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 > Math question for any engineers out here

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PastorCharlie

NC

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Posted: 03/09/21 05:52pm Link  |  Quote  |  Print  |  Notify Moderator

Divide your 30' TT by 4' Level to get 7.5

Multiply your 9.5" rise in 4' by 7.5 to get 71.25"

Divide 71.25" by 12" to get 5.9375' needed to raise low end to be on level with high end.

5.9375 feet is how much the ground is sloped in 30 feet and needed to be raised on low end to bring to level.

PartyOf Five

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Posted: 03/09/21 05:53pm Link  |  Quote  |  Print  |  Notify Moderator

I'd think about the rear overhang and what (rear) approach angle the trailer can tolerate as you back up. On that steep of a grade, the pad height ie. Retaining wall height will certainly be much higher than the pic you added later.


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SDcampowneroperator

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Posted: 03/09/21 06:27pm Link  |  Quote  |  Print  |  Notify Moderator

When we owned and developed our camp I built dozens of retainer walls, of native stone, treated achitectural 5x6 treated timbers and yes, RR Ties. 100s of them
In our cool relatively dry climate # 2 creosote ties will last many, many years. .
For aesthetics, ease and engineering, treated 5x6x16' timbers are more pleasing to the eye, require less pinning ( joinery) which more than compensates for the cost of the new material.
RR Ties ruin saw chains, 1/2" installers drill bits used to drill for rebar. To drive rebar pins we rented a 40# electric jackhammer for which I made an adaptor, 1" x2"long steel shaft drilled 1/2" x 3/4" deep on both ends that I could place on the rebar and set the jackhammer driver point. In the end cost, use new treated timber. Sharpening the chains and bits will use up savings on ties. OK if you are handy like us, it was just a few minutes to resharpen in our shop. I could justify cheeper RR ties - barely.

Long ago years before we bought a camp the best design for a campsite is level side to side, 1' / 10' slope to rear of site. You must have drainage.
Any towable is more stable in a slight tongue low, As do not want to raise the front, but raising the rear 2-3" is just fine, Bs would never notice the 1", Cs are made high inthe rear on their truck chassis so 1"/ 10" high in the rear is level for them.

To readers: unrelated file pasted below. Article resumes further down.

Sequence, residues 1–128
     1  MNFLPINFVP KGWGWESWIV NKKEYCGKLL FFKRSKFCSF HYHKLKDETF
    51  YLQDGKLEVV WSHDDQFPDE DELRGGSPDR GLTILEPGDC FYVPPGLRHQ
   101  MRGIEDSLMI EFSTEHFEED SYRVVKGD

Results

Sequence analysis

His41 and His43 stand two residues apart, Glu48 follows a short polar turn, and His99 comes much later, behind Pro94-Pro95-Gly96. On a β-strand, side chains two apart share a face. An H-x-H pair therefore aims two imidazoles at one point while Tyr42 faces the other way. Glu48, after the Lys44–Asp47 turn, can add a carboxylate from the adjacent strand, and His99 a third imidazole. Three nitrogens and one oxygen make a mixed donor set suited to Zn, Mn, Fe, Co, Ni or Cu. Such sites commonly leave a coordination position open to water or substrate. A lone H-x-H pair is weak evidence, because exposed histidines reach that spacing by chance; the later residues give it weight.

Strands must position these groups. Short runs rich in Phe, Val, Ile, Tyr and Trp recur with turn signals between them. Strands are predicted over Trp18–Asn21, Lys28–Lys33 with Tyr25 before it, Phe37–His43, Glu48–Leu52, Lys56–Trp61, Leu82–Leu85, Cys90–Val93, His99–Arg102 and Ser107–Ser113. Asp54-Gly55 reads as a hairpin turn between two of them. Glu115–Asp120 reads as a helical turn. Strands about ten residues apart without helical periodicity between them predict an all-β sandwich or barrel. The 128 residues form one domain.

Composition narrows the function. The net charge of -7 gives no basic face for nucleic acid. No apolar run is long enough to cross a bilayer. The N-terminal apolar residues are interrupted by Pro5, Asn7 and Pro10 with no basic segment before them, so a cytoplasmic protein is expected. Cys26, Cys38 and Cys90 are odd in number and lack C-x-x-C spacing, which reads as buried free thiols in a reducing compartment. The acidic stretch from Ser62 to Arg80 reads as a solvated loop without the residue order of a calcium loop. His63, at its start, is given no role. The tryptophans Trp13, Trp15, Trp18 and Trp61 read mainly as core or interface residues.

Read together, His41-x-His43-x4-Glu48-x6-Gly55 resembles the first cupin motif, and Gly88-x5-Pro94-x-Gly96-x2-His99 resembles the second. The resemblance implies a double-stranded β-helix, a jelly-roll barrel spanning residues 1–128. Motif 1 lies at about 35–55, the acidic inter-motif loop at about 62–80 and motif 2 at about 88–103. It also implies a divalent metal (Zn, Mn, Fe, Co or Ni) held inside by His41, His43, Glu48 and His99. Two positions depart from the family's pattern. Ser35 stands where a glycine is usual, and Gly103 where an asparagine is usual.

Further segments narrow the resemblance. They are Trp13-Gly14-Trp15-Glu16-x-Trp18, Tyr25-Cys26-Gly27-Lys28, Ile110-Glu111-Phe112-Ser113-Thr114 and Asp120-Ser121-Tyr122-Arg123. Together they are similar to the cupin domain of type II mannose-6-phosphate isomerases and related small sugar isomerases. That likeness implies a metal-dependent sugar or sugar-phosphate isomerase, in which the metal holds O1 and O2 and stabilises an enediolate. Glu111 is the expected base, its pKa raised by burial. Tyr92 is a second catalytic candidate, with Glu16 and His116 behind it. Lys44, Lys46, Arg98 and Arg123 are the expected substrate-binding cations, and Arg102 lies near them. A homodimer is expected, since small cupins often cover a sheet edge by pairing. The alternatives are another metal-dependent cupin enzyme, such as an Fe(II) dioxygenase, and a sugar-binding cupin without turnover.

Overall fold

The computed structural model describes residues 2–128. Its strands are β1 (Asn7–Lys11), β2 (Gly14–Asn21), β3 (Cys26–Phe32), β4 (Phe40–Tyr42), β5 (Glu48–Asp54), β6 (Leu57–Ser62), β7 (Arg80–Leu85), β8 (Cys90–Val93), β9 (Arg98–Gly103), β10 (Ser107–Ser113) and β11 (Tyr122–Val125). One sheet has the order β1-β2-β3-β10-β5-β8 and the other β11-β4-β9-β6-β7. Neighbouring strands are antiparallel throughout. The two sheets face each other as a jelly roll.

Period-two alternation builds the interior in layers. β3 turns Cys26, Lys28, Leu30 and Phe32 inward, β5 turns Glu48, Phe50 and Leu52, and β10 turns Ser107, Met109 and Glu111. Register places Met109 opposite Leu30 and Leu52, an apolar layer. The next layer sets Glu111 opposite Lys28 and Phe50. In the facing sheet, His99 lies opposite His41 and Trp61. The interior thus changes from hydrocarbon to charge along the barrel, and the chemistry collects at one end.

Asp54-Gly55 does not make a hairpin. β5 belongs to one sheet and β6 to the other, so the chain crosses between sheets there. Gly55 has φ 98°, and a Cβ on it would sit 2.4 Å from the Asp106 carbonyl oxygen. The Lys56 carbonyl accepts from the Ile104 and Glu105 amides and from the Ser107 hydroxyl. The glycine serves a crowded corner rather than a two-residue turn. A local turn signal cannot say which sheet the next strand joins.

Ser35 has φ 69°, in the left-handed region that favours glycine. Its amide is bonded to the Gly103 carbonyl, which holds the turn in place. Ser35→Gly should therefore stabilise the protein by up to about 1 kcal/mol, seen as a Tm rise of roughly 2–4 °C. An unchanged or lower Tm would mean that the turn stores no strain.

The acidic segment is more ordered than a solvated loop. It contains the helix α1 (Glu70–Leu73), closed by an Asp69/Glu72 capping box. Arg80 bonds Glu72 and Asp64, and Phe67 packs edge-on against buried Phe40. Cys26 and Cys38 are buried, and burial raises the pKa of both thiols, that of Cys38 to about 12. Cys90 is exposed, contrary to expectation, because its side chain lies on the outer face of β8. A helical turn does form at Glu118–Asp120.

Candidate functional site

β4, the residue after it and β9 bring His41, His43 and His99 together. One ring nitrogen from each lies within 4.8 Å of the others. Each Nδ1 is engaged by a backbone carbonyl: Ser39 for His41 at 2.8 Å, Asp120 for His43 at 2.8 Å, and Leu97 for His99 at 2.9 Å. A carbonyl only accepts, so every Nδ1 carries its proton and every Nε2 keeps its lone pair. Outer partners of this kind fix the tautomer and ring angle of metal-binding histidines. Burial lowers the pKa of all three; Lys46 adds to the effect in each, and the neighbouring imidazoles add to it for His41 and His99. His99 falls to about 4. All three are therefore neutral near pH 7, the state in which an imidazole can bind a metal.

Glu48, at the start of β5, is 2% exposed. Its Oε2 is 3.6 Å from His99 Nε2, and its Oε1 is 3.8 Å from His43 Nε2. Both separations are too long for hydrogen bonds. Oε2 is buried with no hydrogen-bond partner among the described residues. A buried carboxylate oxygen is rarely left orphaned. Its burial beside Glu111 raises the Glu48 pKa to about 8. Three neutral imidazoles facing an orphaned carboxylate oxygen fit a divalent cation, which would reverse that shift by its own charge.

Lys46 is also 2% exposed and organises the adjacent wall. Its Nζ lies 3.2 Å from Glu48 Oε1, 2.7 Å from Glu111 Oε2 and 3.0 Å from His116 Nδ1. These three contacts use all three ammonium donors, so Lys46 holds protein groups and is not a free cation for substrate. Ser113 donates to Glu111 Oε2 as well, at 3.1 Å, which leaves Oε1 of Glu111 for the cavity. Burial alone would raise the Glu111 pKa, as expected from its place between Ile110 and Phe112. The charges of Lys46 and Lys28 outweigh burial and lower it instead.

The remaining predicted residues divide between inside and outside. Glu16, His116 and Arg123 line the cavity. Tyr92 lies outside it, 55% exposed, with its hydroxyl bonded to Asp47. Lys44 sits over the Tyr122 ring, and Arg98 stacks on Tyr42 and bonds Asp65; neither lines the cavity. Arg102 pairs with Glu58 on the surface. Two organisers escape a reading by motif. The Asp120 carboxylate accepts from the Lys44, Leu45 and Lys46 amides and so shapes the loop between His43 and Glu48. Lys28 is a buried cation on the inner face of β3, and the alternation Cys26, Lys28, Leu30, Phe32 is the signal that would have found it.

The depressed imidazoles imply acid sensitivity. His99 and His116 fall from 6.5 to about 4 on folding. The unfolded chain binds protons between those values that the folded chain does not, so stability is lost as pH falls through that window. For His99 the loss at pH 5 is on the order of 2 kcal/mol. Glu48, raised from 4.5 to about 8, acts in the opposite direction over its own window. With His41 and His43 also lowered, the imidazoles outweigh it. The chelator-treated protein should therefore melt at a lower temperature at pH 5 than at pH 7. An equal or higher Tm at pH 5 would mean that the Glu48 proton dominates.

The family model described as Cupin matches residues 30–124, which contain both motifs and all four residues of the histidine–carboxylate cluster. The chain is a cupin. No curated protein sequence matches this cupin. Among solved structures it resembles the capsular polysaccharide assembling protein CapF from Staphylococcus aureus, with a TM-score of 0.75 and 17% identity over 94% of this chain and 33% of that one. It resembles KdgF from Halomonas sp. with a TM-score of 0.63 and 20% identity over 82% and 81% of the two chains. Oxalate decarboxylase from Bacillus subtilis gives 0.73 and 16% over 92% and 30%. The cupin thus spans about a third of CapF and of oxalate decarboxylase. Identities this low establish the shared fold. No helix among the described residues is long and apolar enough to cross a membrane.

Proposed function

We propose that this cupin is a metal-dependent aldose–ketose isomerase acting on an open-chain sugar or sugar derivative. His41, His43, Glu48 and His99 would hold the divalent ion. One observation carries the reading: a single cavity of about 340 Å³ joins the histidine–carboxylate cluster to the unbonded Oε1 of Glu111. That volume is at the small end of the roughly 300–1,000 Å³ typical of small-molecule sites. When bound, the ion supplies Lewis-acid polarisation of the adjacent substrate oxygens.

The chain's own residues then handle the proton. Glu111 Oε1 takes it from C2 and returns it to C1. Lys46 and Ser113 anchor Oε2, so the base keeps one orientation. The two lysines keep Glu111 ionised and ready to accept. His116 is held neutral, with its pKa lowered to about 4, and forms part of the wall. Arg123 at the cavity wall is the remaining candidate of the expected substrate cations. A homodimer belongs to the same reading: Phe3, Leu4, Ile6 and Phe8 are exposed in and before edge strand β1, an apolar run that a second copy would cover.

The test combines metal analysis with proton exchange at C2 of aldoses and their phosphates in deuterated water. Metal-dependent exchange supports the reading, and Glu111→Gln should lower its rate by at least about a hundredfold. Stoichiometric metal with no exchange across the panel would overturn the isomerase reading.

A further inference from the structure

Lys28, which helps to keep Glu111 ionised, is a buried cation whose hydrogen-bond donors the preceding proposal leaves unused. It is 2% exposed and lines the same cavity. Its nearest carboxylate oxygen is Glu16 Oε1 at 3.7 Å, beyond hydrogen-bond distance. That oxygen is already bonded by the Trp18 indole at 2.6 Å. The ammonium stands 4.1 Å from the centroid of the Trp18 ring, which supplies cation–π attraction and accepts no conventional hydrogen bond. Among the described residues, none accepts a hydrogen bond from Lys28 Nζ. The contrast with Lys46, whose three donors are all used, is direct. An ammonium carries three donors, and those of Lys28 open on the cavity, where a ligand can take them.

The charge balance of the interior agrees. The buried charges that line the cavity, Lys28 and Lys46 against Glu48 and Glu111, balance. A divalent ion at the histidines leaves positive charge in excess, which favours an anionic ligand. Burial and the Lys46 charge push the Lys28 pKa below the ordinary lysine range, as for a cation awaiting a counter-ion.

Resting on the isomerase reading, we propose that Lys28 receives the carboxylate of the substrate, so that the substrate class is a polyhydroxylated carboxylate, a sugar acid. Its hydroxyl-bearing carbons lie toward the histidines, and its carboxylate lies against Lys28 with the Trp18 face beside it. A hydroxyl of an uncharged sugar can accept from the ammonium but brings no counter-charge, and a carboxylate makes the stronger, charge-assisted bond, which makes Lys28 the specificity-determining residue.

Ever noticed Cs nearly always have blocks under the front wheels to level?
RR Ties will work just fine for your project. Eventual cost, material, labor, is yours to judge.

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Posted: 03/09/21 06:28pm Link  |  Quote  |  Print  |  Notify Moderator

I Blubeamed a dwg based on your pic, but its a pain in the ___ to post.
Presuming you have the trailer where you want it, stake a string at ground level at the back of the truck.

Pull string along trailer to about 1' behind the back wheel, level the string (top of pad) however, Bubble level, water level, etc. This is the height of the pad that will barely fit your trailer wheels on it and minimize the length of pad and minimize the work and materials.

If you're using RxR ties, you almost need to make the top of the wall/pad level. If you use keystone blocks, you could slope the pad down 4-6% (2-3 deg which you could run the fridge on, even if you don't lower the tongue down) pretty easily, reducing the height of the wall/pad by 1' or maybe a bit more at the tall end.

The biggest challenge is going to be tiering the wall from the ground up.
Even if you slope the top of the pad down towards the rear, use a level line on each side to measure grade to dig in the ties or blocks.
Have fun.


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wnjj

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Posted: 03/09/21 06:32pm Link  |  Quote  |  Print  |  Notify Moderator

1. The pad doesn’t have to be completely level since the tongue jack can drop beyond level.
2. As others have pointed out, the rear overhang need not be over the pad.